Cerberus Capital Management understands the virtues of bankruptcy. Much of its business has been buying companies or their assets out of bankruptcy and then reselling them as going businesses – presumably, that's why it took the name of the three-headed dog that guards the gates of Hades. As Cerberus knows well, bankruptcy strips away many of the original causes of failure, gets rid of stockholders, and reduces the claims of bondholders to whatever pittance they can recover from the estate.
Now, the shoe is on the other paw. Cerberus owns most of Chrysler (DCX) and a majority of GMAC. The best chance for salvaging some value out of the assets of these entities would be bankruptcy – years of bad decisions and bad contracts would be swept away. If they weren't the owner, Cerberus might be an eager buyer –only after bankruptcy, of course. But, if Chrysler goes bankrupt, Cerberus probably loses a few billion that it put into the company and its bragging rights. Apparently, this doesn't endanger Cerberus but it wouldn't be fun.
So why doesn't Cerberus bailout Chrysler, some Congresspeople have asked? According to The Wall Street Journal:
[Chrysler CEO] Nardelli acknowledged Friday that he has appealed to Cerberus for help and was turned down. A Cerberus spokesman disputed that notion. "Cerberus and its affiliates have worked tirelessly to assist Chrysler in every imaginable way," he said.
Cerberus' imagination is somewhat limited but they have been helping. According the New York Times, Cerberus spent nearly $2 million of its own money on lobbying in addition to the $5 million that Chrysler dished out. And don't think Cerberus doesn't know how to lobby - its Chairman, John Snow, was Paulson's predecessor as Treasury Secretary. The Times says that Paulson called Snow, not the other way around, as the auto crisis began to unfold.
The Cerberus lobbying team also includes:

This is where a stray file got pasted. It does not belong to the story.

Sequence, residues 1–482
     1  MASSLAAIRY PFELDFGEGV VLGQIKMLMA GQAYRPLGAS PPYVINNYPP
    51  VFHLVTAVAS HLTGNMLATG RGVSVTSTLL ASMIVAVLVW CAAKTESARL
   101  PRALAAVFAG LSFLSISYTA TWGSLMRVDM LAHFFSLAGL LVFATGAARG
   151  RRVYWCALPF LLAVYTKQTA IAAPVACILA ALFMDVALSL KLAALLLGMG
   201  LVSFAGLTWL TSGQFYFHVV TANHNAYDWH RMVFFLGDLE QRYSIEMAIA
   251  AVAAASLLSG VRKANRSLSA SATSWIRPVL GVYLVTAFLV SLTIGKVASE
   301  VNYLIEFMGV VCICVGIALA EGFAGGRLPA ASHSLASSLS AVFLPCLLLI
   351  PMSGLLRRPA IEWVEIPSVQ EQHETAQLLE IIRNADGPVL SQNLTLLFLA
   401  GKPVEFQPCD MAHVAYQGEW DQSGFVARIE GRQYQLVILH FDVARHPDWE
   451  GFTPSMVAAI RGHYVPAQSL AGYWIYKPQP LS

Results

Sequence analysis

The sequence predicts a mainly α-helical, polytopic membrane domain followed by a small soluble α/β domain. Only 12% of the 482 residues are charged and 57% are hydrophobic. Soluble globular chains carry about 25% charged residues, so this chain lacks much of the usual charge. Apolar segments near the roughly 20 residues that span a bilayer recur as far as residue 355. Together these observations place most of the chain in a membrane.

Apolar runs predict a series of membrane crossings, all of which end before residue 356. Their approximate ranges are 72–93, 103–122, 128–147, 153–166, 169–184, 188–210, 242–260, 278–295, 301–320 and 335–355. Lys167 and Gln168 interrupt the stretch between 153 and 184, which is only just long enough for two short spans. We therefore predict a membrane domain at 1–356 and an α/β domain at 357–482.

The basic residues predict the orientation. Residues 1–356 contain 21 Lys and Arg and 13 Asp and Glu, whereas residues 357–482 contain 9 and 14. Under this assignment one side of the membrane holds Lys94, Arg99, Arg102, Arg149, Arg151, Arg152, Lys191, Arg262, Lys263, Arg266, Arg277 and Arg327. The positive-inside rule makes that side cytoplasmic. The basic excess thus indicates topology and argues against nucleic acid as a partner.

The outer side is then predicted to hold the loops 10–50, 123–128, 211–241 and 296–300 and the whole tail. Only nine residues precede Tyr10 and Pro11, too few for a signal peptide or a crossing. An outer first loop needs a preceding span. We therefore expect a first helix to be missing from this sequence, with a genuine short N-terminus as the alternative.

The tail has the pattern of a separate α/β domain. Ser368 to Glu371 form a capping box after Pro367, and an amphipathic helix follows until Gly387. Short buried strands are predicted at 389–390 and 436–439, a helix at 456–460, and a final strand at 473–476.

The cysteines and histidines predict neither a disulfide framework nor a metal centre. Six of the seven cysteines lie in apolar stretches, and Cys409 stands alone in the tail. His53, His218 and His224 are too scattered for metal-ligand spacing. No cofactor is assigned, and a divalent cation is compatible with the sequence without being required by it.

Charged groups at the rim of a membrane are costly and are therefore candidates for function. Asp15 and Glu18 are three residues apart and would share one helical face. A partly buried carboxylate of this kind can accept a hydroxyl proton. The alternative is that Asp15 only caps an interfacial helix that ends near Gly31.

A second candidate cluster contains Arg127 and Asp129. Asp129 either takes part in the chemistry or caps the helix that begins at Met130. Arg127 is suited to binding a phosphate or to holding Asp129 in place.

Dan Quayle, Arnold I. Havens, a former general counsel of the Treasury Department; John B. Breaux, a former senator from Louisiana; David Hobbs, former assistant to President Bush for legislative affairs; and Christopher A. Smith, former chief of staff in the Treasury.
There's no doubt they're all helping "tirelessly" – but they're not putting any more money in and they probably don't help make cars.
Cerberus has made a concession, however. It has promised not to collect any fees it may have been due on its Chrysler and GMAC investments if its gets bailed out. That's not very big-hearted since it now stands to lose all of its investment and that of its co-investees in Chrysler. The Times quotes Cerberus COO Mark Neporent as saying, "we're not in this for the money." Oh. That's probably not welcome news to those who've invested their money with Cerberus but, on the other hand, I'm sure it doesn't believe it.
The point is that the best chance of salvaging car-making assets and car-making jobs is a Chapter 11 bankruptcy. That's as true of publicly owned GM as it is of privately owned Chrysler. The irony is that Cerberus has turned its three heads in the other direction.
Full Disclosure: In by far the worst business decision of my life (which I thought was right at the time, of course), I recommended the sale (actually a reverse merger) of ITXC, the company Mary and I founded which was NOT bankrupt, to a Cerberus-owned entity. I stayed on for a while as non-executive Chairman and left under unpleasant circumstances. I did learn from Cerberus, however, that bankruptcy frees assets for constructive redeployment and can save jobs. It's true even if Cerberus happens to be the owner of the assets that need to be unencumbered.